Danish lighting manufacturer Louis Poulsen produces lamps designed by the likes of Danish designer Louise Campbell, the late, great Poul Henningsen and renowned architect and designer Arne Jacobsen. In addition, a number of foreign designers are also associated with the Danish lighting brand. Here, we take you behind the scenes at the company’s main plant in Vejen, Denmark.
Every year, the 200 employees involved in production at this site produce 220 000 lamps. Around 50% of the units are intended for the private market, while the other half is used in the projects market. The foundation of Louis Poulsen’s approach to lighting is to be found in their strict and uncompromising product philosophy, where the common denominator is simplicity. This makes the company’s products excel by having a unique ability to adapt to all kinds of architecture, and their ability to cross different cultural styles with ease.
The most laborious product to produce is the Artichoke lamp designed by Poul Henningsen, partly due to the great deal of preparatory work needed in different parts of the production. The Artichoke lamp comprises a whole series of different plates, so called leaves, which are then attached to a frame. Before the lamp can be assembled, the leaves must be bent, burnished and lacquered.
“The Artichoke lamp comes in different sizes, and the smallest one is actually the hardest to assemble due to there being very little space between the leaves and the frame. The actual attachment of the leaves takes about two hours per lamp. Therefore, we concentrate a lot on minimising the production time, and the plant is constantly working on new logistic models to shorten the time spent e.g. on transportation between the component store and the assembly line”, says Claus Østergaard, International Marketing Director at Louis Poulsen.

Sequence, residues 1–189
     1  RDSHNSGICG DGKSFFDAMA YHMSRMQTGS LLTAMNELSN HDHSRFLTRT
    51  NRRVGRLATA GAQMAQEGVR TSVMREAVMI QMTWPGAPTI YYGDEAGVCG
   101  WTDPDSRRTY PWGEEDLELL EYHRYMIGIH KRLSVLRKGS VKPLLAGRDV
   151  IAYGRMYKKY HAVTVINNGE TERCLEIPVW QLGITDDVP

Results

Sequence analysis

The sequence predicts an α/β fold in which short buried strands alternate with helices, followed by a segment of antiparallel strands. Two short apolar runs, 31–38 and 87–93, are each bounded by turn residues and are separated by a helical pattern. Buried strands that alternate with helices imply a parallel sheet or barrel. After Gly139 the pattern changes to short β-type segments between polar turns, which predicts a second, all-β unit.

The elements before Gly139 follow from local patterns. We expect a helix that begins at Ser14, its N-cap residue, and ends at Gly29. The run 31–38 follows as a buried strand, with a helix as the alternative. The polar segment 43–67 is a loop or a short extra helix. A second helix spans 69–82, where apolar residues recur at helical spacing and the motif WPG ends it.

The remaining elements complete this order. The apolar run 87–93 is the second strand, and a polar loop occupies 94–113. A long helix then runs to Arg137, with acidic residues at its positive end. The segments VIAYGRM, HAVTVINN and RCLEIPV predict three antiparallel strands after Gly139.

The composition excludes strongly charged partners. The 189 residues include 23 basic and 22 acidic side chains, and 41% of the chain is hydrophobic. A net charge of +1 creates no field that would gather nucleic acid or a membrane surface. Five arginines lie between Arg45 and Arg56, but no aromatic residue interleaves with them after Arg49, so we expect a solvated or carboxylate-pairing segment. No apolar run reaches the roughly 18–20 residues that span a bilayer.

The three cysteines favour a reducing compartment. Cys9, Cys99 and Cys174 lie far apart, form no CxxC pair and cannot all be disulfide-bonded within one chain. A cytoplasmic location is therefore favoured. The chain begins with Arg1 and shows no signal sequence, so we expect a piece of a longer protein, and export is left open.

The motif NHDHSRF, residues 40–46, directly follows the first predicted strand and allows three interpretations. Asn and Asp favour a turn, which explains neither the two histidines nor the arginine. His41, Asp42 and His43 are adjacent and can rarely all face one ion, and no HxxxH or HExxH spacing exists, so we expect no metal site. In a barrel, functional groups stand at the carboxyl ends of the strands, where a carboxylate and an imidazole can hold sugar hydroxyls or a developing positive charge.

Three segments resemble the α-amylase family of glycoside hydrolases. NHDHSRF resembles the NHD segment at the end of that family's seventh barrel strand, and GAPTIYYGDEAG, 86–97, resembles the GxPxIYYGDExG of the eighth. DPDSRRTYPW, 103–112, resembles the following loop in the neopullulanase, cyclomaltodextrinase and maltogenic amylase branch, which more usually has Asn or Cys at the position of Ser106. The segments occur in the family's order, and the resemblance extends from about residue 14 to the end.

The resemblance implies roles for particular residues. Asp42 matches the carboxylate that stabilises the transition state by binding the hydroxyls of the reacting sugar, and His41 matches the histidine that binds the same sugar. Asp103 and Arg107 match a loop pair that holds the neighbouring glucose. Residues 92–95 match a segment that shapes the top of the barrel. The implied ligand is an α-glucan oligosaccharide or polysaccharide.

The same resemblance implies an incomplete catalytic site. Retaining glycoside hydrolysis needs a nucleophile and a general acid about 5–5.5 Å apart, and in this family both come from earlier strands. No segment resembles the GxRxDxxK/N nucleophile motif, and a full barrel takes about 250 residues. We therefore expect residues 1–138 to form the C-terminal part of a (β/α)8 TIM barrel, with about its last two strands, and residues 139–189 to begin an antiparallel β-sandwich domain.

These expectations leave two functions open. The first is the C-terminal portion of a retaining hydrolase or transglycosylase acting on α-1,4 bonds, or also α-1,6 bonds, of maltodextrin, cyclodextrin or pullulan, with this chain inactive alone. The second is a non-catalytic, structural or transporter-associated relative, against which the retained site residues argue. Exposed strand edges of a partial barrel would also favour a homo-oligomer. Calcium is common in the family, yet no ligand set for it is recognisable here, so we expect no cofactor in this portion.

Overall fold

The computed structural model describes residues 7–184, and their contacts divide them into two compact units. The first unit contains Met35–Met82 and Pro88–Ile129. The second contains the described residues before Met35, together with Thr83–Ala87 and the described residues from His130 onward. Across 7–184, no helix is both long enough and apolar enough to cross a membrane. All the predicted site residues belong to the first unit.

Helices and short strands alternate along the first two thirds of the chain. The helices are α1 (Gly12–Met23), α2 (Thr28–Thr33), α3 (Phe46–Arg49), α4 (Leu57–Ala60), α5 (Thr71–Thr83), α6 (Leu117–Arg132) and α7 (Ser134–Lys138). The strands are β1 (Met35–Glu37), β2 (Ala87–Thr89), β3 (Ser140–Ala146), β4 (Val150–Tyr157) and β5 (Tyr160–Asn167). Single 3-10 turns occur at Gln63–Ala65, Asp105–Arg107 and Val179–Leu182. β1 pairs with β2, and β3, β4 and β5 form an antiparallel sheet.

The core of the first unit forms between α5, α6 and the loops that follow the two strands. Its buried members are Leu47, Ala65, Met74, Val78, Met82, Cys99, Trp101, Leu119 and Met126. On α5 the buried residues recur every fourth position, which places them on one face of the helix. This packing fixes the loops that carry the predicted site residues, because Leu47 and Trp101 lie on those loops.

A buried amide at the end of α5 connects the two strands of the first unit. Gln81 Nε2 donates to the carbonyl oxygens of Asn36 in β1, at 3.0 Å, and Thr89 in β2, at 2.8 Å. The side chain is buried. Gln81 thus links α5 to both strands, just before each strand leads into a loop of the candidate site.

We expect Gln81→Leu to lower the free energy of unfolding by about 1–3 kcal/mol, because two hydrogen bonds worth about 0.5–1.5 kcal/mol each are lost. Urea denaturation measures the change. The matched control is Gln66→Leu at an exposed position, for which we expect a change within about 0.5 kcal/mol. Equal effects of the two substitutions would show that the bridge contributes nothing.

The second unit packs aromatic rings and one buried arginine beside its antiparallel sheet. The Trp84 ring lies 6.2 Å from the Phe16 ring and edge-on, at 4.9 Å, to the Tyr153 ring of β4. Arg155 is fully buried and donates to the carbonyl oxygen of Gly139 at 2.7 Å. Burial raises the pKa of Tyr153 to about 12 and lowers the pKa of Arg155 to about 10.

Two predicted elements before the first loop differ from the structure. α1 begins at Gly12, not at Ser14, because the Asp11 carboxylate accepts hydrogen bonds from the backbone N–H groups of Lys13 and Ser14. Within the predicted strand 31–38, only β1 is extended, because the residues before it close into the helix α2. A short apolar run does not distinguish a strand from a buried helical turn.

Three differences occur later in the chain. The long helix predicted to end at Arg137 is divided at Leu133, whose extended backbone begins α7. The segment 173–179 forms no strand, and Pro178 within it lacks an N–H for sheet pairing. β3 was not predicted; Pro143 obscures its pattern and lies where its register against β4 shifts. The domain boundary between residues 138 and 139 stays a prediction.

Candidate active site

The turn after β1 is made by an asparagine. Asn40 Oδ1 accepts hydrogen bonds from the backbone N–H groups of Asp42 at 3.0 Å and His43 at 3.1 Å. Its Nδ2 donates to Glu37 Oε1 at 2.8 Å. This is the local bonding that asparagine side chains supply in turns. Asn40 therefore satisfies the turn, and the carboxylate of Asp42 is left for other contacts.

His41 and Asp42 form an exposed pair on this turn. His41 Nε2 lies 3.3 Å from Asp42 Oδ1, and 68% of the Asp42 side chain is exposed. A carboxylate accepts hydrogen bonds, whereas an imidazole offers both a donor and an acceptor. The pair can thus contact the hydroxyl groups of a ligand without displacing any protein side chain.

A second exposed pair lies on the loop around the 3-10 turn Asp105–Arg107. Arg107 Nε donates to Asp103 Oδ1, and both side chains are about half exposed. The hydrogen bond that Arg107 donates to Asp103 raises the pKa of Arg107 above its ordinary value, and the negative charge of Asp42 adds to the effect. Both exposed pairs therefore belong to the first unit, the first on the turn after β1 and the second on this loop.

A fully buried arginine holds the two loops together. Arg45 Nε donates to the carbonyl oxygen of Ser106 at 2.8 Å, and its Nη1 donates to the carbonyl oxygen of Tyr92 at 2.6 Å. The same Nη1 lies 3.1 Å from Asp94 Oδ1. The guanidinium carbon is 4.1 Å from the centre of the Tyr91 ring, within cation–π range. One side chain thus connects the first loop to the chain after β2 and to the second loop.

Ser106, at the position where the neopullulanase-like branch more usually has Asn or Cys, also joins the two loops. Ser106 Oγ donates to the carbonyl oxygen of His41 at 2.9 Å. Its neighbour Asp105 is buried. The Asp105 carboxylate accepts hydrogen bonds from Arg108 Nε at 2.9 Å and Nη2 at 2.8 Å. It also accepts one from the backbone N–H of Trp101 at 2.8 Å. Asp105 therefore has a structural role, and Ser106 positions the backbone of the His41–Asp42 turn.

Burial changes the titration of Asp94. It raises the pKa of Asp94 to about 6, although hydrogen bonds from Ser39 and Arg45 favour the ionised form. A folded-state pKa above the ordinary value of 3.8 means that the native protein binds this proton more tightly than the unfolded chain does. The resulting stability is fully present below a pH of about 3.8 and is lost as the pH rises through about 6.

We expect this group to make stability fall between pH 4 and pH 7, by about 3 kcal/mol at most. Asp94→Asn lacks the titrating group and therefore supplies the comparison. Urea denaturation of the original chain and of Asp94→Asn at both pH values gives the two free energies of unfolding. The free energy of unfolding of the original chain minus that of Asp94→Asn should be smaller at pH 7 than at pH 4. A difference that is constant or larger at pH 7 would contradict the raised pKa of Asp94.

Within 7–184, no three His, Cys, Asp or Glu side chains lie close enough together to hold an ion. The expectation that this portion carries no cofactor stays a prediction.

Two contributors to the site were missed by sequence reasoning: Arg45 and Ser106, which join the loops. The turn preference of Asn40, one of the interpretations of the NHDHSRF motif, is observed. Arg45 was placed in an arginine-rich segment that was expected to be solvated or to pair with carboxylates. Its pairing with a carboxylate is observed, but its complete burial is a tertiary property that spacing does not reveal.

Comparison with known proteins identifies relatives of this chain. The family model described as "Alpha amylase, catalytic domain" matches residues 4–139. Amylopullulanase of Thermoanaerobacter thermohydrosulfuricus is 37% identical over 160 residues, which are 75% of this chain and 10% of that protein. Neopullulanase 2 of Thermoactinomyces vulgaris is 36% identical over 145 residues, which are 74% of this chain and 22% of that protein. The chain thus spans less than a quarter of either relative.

The amount of production processes a product is put through varies and depends on the product’s complexity. Outdoor products continuously goes through light emitting tests, salt fog tests and heat measuring. In this way, the procurement is not only about assembly of the lamps, but is also about the ongoing documentation processes concerning the different products.
“The hardest thing about producing a Louis Poulsen lamp is the process of making the light right. Today, LED is an integral part of our products, and there is plenty of technological considerations to make. We must always respect our lighting philosophy with regard to our description of function, comfort and atmosphere, while at the same time, we also have to make sure that our products do not consume too much energy”, says Claus Østergaard.
He also mentions that a product itself can be a challenge. The designer may have some ideas that Louis Poulsen cannot comply with, but usually the company creates and designs new tools for the production of new products.
“A lot of things have to come together before a product can be launched”, ends Claus Østergaard.